Q. How can Jesus use the unrighteous steward in Lk 16 as a model for us to follow? He squandered his master’s resources and reduced the repayment required from debtors. How can he be an example?
A. That’s a good question. Some commentators argue that a parable has one main point and we need not dwell on the peripherals of the story. They suggest that Jesus was teaching His disciples to make friends for yourselves by means of the wealth of unrighteousness. He was not commending the steward for his dishonesty, but for his shrewdness. The rest of the story does not matter.
I disagree, based on Jesus’ explanation of the parable of the Sower, His basic parable (Mk 4:13). Each element there – the sower, the seeds, the soils, the birds – means something. I am not suggesting that you spiritualize things to force meaning into each and every little detail in all parables, but usually we misinterpret the parables because we do not do enough homework to understand the culture and customs of those times.
Let’s work through the issues. First, the rich man or master. If he represent God, how can he praise his manager? This puzzled many Christians. My opinion is that the master here plays the same role as the unrighteous judge in Lk 18:1-8, as a contrast rather than a comparison to God. There, if the unrighteous judge is willing to give the widow legal protection because of her continual petition, how much more is God willing to answer the prayers of those who kept coming to Him. Here, if the master praises the manager because he acted shrewdly, how much more will God commend the sons of light if we are more shrewd in using wealth to accomplish eternal purposes.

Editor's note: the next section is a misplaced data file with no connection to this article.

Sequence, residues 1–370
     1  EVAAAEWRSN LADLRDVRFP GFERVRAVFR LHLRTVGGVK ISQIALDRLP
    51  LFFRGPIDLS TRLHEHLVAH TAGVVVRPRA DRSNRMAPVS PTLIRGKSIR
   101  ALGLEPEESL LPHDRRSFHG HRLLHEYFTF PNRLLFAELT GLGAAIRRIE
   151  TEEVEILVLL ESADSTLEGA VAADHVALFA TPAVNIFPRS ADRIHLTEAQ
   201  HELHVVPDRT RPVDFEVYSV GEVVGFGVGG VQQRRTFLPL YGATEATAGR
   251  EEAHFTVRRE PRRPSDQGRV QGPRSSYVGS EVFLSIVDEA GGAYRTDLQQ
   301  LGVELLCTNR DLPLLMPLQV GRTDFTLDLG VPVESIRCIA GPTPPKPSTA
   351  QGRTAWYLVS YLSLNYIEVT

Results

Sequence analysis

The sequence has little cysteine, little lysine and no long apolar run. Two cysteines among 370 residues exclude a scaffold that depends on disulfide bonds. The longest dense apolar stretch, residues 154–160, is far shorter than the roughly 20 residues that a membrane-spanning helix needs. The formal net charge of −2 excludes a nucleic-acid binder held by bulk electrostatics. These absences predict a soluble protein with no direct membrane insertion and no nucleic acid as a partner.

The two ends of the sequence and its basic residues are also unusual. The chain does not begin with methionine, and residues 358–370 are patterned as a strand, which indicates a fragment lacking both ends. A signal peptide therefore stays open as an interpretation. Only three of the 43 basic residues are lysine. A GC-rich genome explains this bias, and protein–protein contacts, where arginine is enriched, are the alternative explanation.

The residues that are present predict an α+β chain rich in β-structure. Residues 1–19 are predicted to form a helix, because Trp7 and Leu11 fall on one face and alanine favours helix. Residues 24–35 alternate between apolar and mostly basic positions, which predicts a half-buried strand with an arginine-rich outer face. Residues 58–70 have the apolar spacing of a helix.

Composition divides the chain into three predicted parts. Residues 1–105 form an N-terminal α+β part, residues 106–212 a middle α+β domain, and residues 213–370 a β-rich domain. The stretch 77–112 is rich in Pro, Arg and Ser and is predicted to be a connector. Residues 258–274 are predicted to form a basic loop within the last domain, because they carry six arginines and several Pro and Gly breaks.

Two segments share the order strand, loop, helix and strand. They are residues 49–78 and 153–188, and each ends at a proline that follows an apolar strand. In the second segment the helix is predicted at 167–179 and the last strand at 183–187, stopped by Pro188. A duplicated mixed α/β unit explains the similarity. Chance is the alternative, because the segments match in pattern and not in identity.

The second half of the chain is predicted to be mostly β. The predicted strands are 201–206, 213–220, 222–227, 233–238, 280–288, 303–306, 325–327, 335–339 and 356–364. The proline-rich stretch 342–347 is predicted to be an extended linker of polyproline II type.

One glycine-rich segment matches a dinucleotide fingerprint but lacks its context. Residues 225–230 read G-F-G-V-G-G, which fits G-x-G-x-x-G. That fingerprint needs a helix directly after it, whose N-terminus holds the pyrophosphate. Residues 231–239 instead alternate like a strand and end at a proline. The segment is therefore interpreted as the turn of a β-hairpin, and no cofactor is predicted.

Second, the matter of interest. Israelites were not allowed to charge interest when they lend to fellow Jews, only to foreigners:
• Ex 22:25 If you lend money to My people, to the poor among you, you are not to act as a creditor to him; you shall not charge him interest.
• Deut 23:19-20 You shall not charge interest to your countrymen: interest on money, food, or anything that may be loaned at interest. You may charge interest to a foreigner, but to your countrymen you shall not charge interest, so that the LORD your God may bless you in all that you undertake in the land which you are about to enter to possess.
However, to circumvent this restriction cunning creditors devised two schemes:
(To be continued)
One thought on “Shrewd Manager Part 1 of 2”